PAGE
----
Speech on Conciliation with America
BCC: With extensive knowledge of political affairs, Edmund Burke possessed a glowing imagination and passionate sympathies expressed in his landmark speeches, which continue to captivate contemporary readers. The best of Burke's writings and speeches uphold his position on the need for rigorous constitutional statesmanship against widespread abuse of authority in government. He remains one of the foremost political thinkers of eighteenth-century England.AUTHOR BIO: British political writer and statesman EDMUND BURKE (1729-1797) was educated at a Quaker boarding school and at Trinity College in Dublin. His eloquence gained him a high position in Britain's Whig party, and although he never held public office, his public activity never ceased.His works include Observations on the Present State of the Nation (1769) and On the Causes of the Present Discontents (1770). Perhaps the finest of his many efforts are the speech on American taxation (1774) and the letter to the sheriffs of Bristol (1777), which advocated astute and moderate measures to impending public crises.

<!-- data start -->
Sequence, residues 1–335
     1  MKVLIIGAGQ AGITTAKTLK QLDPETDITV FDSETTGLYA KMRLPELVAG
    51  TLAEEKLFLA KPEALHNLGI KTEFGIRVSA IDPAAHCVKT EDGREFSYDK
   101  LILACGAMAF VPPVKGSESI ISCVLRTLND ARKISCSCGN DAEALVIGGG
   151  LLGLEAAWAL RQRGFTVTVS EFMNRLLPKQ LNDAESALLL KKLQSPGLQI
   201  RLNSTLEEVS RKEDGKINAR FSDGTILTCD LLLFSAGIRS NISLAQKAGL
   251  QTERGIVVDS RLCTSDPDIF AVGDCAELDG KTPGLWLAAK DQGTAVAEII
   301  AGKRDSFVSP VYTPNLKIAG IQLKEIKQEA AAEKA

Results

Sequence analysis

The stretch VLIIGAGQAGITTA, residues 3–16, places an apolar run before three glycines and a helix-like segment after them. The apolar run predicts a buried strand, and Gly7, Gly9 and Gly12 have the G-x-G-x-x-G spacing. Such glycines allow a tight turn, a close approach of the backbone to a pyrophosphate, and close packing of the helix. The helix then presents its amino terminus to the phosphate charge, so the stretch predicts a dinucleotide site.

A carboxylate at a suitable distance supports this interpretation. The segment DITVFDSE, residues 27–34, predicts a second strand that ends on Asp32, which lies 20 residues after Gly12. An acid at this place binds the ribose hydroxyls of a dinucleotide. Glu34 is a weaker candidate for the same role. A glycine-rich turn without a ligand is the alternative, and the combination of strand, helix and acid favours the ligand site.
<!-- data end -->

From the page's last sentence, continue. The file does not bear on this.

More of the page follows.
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This well-crafted address was presented as a series of suggestions for a way to conciliate the American colonists and avoid a revolt. The common-sense points that Burke makes and the ways that he goes ... Read full review
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Act of Navigation Adam Smith Ameri America American Taxation ancient argument army Assemblies authority Bill Boston Boston Port Bill Britain British Burke Burke's Speech cause Chatham Chester Cicero civil Colonies Colonists Conciliation Constitution Court Crown debate duties Edmund Burke effect empire England English Exordium experience export favour force freedom genius George George III give Goodrich grant Hist honour House of Commons idea Ireland judge justice king Lecky Legislature less liberty Lord Chatham Lord North Majesty Majesty's manner Massachusetts Bay means ment mind mode nation nature never Noble Lord object Old Whigs opinion orator paragraph Parliament parliamentary passage peace political present principles privileges proper proposition Protestantism Province question Quintilian reason reign repeal resolution revenue rotten boroughs slaves spirit Stamp Act style taxes temper things thought tion touched and grieved trade true Wales whole